I'm trying to learn some basics of electronics and electricity with a simple solution to a problem.

Problem: I have an African Violet in a terrarium that I want to help bloom, which means it needs more light.

Solution: Create a simple circuit with 2 high power grow LEDs connected to a battery (so it's portable) that I can place over the plant to extend the time and intensity of light it receives.

I did some math, came up with the resistors I needed and wired it together and it works. Great brightness, the resistors are handling the power and not burning up, etc. After some time, 30 min or maybe an hour, you can tell the LEDs are dimmer. I turn the battery off, wait a little, turn it back on and the lights are bright again.

What is happening? Is the current draw to big on the 9v?


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    \$\begingroup\$ 9V batteries are not known for their energy density compared to, say 1.5V batteries. See this link for an example: baldengineer.com/9v-battery-energy-density.html \$\endgroup\$ Nov 8, 2017 at 20:31
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    \$\begingroup\$ You are likely right, the battery is being drained too hard. Use a multimeter to measure the voltage when the LEDs are dim. You should either switch batteries or consider using many in parallel (preferably same brand/model and new). \$\endgroup\$
    – Wesley Lee
    Nov 8, 2017 at 20:33
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    \$\begingroup\$ how long are the leds bright again? i guess far shorter than the first time? \$\endgroup\$
    – Jogitech
    Nov 8, 2017 at 20:44
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    \$\begingroup\$ Is the LED heatsunk properly? Is there a noticeable difference in its temperature when it's off compared with after it's been running for a while? \$\endgroup\$
    – kjgregory
    Nov 8, 2017 at 20:49
  • \$\begingroup\$ @PhilNDeBlanc Good read, maybe I will look in to trying 6xAA. \$\endgroup\$
    – ndyr
    Nov 8, 2017 at 20:49

3 Answers 3


It's a combination of a few things. 9v batteries are low capacity batteries designed for small current draws over a long time. Due to their chemistry, typically multiple 1.5V alkaline cells or piles, they have a high internal resistance, and as more current is drawn, the bigger the voltage drop across the battery's internal resistance. Just like the leds and the resistors, this internal resistance varies based on the temperature it is at, and high current draw will cause it to vary causing your device/leds to see different currents too.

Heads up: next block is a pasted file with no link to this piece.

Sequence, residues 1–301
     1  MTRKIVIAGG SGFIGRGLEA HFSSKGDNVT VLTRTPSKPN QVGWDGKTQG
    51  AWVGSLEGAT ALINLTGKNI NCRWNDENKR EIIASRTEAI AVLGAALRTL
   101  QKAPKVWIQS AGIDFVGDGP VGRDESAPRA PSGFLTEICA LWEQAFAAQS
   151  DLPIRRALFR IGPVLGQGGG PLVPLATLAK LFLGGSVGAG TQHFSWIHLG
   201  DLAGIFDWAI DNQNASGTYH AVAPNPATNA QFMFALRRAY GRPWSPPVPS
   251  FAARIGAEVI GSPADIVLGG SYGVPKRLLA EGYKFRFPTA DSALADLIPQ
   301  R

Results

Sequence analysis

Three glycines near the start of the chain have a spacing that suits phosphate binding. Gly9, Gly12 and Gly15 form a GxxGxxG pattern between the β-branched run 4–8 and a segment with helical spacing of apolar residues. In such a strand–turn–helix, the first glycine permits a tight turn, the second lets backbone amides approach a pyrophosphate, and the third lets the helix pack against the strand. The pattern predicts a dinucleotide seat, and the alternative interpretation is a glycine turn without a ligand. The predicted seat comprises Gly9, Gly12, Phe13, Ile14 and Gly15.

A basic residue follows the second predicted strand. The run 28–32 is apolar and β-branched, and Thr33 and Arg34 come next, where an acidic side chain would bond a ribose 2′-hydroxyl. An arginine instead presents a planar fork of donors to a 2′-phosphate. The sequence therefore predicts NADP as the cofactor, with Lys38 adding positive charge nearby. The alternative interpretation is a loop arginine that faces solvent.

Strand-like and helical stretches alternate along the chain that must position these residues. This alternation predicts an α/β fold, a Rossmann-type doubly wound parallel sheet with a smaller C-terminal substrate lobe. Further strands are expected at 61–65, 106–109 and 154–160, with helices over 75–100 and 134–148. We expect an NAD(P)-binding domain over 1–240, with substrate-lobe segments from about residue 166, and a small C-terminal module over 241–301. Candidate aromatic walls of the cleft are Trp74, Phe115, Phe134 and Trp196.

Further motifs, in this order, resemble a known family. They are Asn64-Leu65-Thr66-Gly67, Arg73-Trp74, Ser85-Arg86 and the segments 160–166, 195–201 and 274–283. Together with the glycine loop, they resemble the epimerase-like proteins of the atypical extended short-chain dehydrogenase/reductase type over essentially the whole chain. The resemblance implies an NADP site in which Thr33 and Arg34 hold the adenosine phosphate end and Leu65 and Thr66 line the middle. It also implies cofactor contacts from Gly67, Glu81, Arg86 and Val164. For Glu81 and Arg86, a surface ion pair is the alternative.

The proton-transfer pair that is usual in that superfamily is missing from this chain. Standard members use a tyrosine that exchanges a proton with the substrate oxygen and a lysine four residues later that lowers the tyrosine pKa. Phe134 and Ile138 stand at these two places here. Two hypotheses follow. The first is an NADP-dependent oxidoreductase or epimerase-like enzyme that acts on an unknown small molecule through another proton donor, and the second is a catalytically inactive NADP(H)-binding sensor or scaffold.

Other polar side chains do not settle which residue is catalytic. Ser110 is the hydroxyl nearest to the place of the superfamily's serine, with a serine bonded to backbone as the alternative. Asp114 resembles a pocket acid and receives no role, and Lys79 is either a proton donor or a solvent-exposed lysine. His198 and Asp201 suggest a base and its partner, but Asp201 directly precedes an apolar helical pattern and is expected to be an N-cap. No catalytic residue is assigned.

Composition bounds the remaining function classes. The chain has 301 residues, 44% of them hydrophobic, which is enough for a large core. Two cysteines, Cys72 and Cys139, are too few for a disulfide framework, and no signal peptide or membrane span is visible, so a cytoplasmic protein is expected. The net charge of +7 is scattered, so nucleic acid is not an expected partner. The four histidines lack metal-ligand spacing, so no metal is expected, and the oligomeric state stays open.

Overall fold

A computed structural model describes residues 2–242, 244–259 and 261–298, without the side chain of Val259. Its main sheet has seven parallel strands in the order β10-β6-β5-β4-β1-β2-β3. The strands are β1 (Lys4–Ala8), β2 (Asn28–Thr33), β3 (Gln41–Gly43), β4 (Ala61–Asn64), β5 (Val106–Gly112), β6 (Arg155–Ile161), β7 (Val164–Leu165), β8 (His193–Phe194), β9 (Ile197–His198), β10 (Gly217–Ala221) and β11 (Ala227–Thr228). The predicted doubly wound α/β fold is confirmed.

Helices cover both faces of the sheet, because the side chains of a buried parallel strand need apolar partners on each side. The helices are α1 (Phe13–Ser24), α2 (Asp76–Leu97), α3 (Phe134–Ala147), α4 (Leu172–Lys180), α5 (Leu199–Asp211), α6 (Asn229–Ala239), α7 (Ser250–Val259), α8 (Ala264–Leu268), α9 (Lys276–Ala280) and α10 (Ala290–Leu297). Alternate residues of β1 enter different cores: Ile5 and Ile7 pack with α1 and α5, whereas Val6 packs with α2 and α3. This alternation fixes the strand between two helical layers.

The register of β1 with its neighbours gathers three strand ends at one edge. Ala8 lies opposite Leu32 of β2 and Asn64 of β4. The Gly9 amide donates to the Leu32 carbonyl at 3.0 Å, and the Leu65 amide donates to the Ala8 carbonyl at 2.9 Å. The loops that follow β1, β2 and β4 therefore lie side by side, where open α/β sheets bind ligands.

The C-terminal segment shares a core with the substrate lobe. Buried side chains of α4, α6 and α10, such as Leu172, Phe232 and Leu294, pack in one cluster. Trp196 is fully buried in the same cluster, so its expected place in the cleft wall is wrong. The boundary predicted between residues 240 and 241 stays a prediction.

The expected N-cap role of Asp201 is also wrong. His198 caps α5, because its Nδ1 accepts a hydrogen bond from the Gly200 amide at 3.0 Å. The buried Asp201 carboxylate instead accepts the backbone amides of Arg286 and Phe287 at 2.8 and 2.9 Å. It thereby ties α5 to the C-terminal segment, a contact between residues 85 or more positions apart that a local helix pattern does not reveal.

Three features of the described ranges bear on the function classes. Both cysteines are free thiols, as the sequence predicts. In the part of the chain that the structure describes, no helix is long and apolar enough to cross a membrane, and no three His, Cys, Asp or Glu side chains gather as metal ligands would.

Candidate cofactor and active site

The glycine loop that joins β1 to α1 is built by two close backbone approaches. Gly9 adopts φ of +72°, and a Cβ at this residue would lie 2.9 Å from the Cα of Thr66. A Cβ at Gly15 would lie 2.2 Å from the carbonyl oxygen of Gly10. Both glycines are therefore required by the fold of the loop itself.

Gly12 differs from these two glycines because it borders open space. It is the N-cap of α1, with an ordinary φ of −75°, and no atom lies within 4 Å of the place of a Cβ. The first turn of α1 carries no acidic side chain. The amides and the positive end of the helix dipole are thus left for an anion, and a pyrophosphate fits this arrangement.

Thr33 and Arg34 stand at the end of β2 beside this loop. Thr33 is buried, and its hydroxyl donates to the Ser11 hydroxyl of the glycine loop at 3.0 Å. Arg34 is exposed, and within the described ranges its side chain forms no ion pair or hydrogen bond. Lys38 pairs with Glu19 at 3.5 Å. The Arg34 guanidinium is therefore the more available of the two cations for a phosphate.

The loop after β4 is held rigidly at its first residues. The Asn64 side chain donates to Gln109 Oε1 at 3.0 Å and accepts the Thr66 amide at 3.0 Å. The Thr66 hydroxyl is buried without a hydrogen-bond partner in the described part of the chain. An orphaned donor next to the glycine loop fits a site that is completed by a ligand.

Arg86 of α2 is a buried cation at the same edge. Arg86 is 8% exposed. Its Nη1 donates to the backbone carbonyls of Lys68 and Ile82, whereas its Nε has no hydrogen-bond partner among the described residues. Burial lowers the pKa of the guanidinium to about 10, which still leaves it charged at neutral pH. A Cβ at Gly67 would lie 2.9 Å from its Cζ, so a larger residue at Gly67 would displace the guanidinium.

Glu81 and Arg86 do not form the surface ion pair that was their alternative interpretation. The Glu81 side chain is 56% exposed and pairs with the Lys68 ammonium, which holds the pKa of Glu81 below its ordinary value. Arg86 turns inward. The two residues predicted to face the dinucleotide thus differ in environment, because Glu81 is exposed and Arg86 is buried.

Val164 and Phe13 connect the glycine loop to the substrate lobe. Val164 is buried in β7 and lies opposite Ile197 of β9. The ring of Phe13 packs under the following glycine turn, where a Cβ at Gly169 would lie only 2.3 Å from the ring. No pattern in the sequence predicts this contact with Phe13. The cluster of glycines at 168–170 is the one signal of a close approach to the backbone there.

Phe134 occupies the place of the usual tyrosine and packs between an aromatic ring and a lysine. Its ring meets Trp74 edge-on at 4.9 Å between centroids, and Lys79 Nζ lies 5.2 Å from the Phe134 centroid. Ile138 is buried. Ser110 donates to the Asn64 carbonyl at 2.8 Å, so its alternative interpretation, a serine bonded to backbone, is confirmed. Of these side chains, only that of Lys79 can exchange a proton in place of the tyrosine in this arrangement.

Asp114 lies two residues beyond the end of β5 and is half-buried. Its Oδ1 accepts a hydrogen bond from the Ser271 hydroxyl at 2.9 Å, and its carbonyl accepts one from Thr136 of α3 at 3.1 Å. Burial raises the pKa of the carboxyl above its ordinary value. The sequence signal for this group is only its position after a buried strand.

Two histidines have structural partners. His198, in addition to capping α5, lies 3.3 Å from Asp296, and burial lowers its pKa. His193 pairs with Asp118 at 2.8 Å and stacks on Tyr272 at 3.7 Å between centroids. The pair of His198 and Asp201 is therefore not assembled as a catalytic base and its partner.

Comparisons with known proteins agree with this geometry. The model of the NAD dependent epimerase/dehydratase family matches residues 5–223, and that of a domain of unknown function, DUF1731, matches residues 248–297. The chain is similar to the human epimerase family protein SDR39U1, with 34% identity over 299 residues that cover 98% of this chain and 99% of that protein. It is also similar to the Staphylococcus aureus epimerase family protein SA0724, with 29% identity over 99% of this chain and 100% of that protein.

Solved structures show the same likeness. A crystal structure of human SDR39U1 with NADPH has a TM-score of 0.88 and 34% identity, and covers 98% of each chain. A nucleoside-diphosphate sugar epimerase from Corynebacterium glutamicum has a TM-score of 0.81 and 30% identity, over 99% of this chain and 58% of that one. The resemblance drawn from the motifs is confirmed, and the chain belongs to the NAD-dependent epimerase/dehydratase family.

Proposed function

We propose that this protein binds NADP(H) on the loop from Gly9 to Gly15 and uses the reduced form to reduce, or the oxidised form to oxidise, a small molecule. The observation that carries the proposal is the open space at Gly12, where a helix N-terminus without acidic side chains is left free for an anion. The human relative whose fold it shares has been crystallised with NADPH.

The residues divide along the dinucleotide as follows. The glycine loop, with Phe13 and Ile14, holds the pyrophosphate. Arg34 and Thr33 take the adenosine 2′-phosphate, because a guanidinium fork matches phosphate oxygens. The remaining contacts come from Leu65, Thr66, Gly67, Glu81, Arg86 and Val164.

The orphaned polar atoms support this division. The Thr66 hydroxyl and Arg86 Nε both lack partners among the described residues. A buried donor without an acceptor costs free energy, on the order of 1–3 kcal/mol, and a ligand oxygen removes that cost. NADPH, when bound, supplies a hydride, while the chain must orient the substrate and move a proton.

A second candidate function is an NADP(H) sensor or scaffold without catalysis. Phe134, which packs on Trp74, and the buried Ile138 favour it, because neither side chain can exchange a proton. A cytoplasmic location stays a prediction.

Add to this, the voltage recovery effect seen in batteries, where energy in a battery that has experienced a high discharge takes a while to distribute within the battery chemistry. At the discharge rates I calculated (~300 mA) it will only last about 2 hours anyway, regardless of recovery. As the voltage drops, the discharge rate changes, but the useful life is low for what you want to do.

In short, high current draw is not good on 9v batteries and the recovery effect you see is a side effect of it.


Your circuit is highly inefficient and it's not a good project to run off a battery.

The math you missed is the battery discharge rate. You also underestimated the amount of light required. You will need up to 10 watts.

Use a Mean Well HLG-40H-48 Type A LED driver to drive a string of 16 LEDs.

Two LEDs will not generate enough PPFD for the plants. You may need a PPFD of 150-300 µmol/m²/s

If you have to have battery wire them in parallel using a CCR (e.g. On-Semi NSI50150ADT4G or Microchip MIC4802) for each LED rather than resistors. Use a lower voltage like a Li-ion or Li-po 3.6V battery.


The "performance" that you are describing, is typical of most batteries. As a battery is "used up," its output voltage drops. This is caused by an internal chemical process. Breaking the connection allows the battery to recover, so its voltage goes back up (although not to 100%), and the process repeats, until the battery is discharged to the point the light will not light.

I recommend using rechargeable 18650 Li batteries (in parallel), connected directly to the LEDs (no resistors required).


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